Interval studies. Once our diatonic scales are mastered as whole steps and half steps, inspired players move on to the interval studies to help round out their melodic resource and vocabulary. Thirds are the next step in this evolution of our melodic resouce studies. In C major, one scale study in diatonic thirds. Example 1b.

Modern guitarist. For the emerging modern guitarist, there's a potential need to explore and possibly exhaust our 12 tone musical resource. The goal of this is termed here in Essentials as 'anything from anywhere.' Any scale, arpeggio, chord or lick from any of our 12 pitches over the range of the instrument. Tall order ? Absolutely, a career long endeavor of discovery and shedding. But even the longest journey begins with a first step. This last idea of permutating a major scale in diatonic 3rd's is such a first step one for the advancing guitarist.

Key center. As a key center, upon the third degree of the diatonic major scale we locate the Phrygian mode. Overall minor in its tonality, Phrygian is the core guitar color that creates the Spanish / Flamenco sounds often filtered into the American musical fabric. Examine the pitches of E Phrygian as extracted from the pitches of the C major / diatonic scale. Another essential scale created from within a scale? You guessed it. Example 2.

scale degrees
root
2
3
4
5
6
7
8
scale formula
.
1
1
1/2
1
1
1
1/2
major / Ionian
C
D
E
F
G
A
B
C
scale formula
.
1/2
1
1
1
1/2
1
1
minor / Phrygian
E
F
G
A
B
C
D
E

Phrygian melody. Please do notice how we've simply reshaped our core scale formula to create the Phrygian grouping by simply moving the first two whole step intervals to the end of the group. This allows for the Phrygian group to begin with its character half step interval.

A second quite common historical aspect of this group is that the chords used to support Phrygian minor melodies are very often major triads built upon the first three pitches of the mode. So sort of a 'Phrygian rub?' Like the 'blues rub?' Yep, exactly. Example 2a.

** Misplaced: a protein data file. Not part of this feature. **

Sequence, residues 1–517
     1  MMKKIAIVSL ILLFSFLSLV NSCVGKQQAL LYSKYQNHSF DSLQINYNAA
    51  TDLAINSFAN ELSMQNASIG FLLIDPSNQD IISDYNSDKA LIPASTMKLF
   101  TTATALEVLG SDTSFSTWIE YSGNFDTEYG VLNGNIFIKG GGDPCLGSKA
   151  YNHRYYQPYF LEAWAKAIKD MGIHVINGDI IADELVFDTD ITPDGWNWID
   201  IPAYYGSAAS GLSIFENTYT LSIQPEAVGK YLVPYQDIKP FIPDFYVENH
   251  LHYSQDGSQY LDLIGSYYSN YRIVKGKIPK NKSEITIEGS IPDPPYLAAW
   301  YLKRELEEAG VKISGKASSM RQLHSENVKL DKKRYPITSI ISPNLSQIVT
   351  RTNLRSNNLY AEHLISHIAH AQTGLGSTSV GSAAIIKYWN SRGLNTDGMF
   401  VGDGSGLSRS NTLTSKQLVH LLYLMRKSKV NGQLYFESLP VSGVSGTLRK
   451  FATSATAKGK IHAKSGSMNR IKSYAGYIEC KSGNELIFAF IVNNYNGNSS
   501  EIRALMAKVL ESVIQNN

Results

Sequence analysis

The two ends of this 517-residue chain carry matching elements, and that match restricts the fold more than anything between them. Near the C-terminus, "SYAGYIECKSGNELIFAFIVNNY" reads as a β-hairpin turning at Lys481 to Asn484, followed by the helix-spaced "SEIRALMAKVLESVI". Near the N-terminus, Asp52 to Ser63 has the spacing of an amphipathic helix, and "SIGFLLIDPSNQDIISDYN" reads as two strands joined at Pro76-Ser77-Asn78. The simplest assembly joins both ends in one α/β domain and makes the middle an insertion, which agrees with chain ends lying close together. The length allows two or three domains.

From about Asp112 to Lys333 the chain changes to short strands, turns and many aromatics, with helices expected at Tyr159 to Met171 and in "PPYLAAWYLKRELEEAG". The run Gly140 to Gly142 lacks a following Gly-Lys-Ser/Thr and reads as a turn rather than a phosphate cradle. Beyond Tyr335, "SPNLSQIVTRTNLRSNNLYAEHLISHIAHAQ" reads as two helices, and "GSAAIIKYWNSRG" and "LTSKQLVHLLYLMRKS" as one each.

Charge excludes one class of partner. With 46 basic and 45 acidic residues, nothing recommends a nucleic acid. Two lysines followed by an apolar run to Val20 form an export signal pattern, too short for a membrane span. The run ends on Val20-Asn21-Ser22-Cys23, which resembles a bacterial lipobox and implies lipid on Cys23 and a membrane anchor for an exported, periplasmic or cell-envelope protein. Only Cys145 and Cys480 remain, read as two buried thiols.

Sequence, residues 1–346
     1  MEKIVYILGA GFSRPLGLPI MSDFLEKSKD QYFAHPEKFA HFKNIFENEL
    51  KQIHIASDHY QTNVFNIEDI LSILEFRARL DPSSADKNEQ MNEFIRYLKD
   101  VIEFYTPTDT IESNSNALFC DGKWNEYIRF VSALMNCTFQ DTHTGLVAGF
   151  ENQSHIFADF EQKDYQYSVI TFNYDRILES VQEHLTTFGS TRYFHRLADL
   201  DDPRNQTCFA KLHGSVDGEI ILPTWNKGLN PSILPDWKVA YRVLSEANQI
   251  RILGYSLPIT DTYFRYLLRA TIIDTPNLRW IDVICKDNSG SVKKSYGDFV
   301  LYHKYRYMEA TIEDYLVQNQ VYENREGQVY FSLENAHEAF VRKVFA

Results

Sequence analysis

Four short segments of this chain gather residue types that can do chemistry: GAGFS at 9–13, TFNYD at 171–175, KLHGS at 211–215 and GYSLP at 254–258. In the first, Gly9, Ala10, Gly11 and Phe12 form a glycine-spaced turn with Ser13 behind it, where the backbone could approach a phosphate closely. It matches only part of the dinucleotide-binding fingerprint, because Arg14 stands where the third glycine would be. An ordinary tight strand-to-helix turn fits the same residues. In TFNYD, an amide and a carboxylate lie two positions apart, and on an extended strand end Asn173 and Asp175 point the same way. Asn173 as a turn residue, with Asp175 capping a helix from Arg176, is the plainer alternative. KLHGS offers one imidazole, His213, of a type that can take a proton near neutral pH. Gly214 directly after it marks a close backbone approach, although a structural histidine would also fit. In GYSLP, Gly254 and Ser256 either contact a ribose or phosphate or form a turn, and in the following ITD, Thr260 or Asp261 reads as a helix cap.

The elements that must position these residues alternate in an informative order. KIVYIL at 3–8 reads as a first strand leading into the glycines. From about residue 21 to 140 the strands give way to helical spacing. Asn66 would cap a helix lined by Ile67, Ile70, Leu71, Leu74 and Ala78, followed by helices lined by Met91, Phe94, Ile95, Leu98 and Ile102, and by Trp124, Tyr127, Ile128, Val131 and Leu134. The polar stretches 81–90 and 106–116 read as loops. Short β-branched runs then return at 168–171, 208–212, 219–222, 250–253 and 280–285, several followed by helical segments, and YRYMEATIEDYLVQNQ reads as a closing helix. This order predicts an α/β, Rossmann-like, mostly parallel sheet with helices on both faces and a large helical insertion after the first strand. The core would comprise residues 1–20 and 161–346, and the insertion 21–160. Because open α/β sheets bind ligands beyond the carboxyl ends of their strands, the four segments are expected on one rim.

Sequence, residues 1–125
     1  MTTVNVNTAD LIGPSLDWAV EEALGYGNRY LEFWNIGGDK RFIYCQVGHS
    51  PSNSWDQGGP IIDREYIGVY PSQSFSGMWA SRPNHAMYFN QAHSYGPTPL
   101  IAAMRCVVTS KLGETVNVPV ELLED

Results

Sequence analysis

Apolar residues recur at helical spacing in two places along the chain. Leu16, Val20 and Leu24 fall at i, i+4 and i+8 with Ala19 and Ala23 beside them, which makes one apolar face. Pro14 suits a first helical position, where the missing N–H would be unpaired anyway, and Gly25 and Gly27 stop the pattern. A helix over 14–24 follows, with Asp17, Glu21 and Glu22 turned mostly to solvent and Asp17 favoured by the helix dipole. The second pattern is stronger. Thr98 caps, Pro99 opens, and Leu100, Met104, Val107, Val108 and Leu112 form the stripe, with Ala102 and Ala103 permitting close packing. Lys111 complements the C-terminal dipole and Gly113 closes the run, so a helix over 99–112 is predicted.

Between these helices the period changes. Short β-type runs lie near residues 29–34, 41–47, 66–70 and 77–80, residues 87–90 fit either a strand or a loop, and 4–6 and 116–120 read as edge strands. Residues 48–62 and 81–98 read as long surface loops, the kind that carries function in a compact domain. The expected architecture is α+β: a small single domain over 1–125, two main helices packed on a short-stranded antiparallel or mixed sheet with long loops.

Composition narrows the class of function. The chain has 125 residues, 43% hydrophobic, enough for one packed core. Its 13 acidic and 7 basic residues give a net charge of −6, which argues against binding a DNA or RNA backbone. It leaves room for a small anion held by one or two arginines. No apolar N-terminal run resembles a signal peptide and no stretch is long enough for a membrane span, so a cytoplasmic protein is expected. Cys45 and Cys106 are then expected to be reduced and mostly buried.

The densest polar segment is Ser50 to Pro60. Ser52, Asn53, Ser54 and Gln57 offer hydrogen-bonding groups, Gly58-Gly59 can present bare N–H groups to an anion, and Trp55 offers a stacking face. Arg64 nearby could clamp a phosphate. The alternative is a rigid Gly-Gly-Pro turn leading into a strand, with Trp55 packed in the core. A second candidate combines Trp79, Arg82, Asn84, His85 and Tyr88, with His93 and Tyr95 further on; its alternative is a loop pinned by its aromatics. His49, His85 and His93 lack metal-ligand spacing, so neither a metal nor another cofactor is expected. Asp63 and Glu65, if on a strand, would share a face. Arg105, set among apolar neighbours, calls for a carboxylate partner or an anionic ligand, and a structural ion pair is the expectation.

The sound is built right into the pitches. The beginning half step so very often gives the mode away. Do notice the G# in the first chord of the example just above. It's surely not diatonic but often essential in creating the Phrygian feel. All depends on the line.

Also, do try this chordal idea without the barre for the F and G chords and let the open strings ring out. Flamenco wizards such as De Lucia often strum using the tops of the nails on their strumming hands very very rapidly. Also try brushing or fanning the fingers down and drag the thumb nail back up for a counter rhythm.

wiki ~ Paco De Lucia
classical VIDEO

Harmony. Leaving our discussion of the Phrygian mode for now, let's get back to our discussion of all things diatonic Three. The chord built on the third degree of the diatonic major scale, our Three chord, is at its core a minor triad. It plays an important role in most of the American styles. Example 3.

Man that open E minor is one potent group of pitches. These two chords are close in the arpeggio of course, one pitch away really. Example 3a.

arpeggio degrees
root
3
5
7
E minor
.
E
G
B
C major
C
E
G
.

A slight variation creates another classic motion. This next idea simply rearranges the last two chords and adds one more. Here we start on One, move to Three on our way to Four. Example 3a.

Telling stories. The chord progression in this last idea is the core motion of a song titled "The Weight", by a musical group known as The Band. If your musical interests are anywhere in the folk, gospel, blues or rock direction, learn this tune. These are also cool chords in a reggae feel. Just a nice solid, non dominant loop that easy cycles and cyles right along. Great for telling a story, just might need a 8 bar bridge with a V7 to bring it around. Hmm ... got a hook for this one?